The author reveals what not to do to be as good as him.
Want to write FICTION HORROR for a living? Need some advice? Maybe some rules to follow? Let Joe Hill help. Sort of…
"Can you write us a list of rules on how to write horror?” said the good people at SFX. And because I’m not above being flattered, I immediately said, “Yes, of course.” Which just goes to show you shouldn’t let your chin be tickled by journalists, no matter how charming they might be, because the last thing the world needs is another damn list of rules for writing.
For a start, no one has ever outdone the rules in William Strunk and EB White’s The Elements Of Style. It may date from 1918 in its oldest iteration, but it remains the definitive guide to composing clear, emphatic prose. Every writer should have a copy on the shelf next to a really good dictionary. The only other list you need is Elmore Leonard’s
10 Rules Of Writing. It’s not that his rules really matter, but they’re so much fun to read – Rule 1: “Never open a book with weather” – that you shouldn’t deny yourself the pleasure.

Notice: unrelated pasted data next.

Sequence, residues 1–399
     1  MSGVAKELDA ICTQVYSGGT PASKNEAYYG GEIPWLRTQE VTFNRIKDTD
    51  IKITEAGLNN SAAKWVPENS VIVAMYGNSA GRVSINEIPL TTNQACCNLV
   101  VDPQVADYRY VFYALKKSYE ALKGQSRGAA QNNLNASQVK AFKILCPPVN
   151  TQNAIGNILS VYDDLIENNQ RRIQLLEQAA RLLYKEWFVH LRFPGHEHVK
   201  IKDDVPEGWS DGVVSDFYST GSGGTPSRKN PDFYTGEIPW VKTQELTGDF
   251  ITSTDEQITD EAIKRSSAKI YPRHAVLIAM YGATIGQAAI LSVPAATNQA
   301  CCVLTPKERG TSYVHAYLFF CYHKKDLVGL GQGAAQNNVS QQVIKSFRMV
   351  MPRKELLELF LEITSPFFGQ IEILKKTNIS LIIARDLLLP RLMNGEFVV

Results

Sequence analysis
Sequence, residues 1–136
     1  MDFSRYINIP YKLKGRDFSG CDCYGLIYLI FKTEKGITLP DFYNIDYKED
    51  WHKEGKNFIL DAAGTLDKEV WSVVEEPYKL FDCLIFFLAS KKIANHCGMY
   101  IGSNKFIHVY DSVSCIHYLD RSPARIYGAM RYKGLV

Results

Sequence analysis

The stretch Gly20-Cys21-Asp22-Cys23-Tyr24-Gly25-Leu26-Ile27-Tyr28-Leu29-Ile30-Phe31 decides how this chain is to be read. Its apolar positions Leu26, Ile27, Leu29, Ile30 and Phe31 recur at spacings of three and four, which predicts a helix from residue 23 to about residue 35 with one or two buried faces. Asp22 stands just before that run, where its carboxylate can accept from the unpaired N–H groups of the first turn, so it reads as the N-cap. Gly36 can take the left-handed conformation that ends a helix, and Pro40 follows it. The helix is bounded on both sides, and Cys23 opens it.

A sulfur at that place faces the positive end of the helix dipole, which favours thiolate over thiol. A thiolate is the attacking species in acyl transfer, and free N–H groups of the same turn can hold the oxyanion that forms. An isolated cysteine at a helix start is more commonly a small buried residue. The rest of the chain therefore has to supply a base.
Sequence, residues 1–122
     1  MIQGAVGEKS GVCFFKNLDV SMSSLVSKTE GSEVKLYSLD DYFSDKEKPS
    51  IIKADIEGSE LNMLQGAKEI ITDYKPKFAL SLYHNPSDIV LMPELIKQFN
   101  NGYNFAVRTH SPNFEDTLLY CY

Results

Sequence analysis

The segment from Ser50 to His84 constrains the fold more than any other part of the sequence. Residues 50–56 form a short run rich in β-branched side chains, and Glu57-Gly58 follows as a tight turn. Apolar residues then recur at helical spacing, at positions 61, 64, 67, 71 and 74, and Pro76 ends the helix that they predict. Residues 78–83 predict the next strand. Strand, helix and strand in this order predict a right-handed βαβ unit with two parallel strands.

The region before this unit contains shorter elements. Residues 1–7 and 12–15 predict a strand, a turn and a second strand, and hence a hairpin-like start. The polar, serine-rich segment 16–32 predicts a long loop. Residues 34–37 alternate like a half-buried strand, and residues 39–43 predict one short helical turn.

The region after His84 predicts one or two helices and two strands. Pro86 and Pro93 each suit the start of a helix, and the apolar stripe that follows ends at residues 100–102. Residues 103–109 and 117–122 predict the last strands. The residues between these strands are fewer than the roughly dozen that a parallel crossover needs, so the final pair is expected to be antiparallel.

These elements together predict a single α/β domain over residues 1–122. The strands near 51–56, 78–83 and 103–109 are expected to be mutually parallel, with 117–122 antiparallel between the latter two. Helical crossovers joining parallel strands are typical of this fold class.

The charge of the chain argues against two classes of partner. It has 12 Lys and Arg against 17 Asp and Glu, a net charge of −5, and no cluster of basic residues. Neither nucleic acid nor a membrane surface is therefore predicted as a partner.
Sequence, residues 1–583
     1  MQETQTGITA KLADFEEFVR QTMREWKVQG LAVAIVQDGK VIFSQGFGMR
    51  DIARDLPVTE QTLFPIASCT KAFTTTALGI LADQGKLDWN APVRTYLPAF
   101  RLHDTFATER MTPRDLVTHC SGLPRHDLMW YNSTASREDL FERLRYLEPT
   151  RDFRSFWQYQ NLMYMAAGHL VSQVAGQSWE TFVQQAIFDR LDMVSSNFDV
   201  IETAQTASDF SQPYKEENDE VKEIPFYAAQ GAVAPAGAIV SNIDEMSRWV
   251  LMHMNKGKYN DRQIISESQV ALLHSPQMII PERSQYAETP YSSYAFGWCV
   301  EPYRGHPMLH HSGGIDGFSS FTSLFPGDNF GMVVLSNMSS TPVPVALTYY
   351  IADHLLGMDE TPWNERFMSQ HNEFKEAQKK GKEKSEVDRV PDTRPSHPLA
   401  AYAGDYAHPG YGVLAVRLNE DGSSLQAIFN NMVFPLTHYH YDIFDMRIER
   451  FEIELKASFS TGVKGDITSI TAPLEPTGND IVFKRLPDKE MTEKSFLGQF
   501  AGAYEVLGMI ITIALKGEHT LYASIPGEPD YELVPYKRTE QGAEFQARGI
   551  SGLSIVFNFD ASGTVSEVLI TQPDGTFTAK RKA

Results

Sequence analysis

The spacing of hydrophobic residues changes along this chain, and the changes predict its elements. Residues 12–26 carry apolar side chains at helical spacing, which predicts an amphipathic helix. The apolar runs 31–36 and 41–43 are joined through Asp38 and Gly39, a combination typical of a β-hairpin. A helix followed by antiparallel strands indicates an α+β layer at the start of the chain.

If only Leonard hadn’t encouraged every other writer on the planet to try to come up with a short list of easy-to-tweet, Buzzfeed-friendly aphorisms. I’ve read them all and even enjoyed a few because I love to hear other writers talk about their work, but the only conclusion I’ve drawn is that everyone’s method is unique to them alone.
Here’s the grisly truth: the rules I have for myself may do you no good at all. Each story is its own maze, so what good will it do to tell you how I escaped mine? Really, you still want advice? Okay, here goes…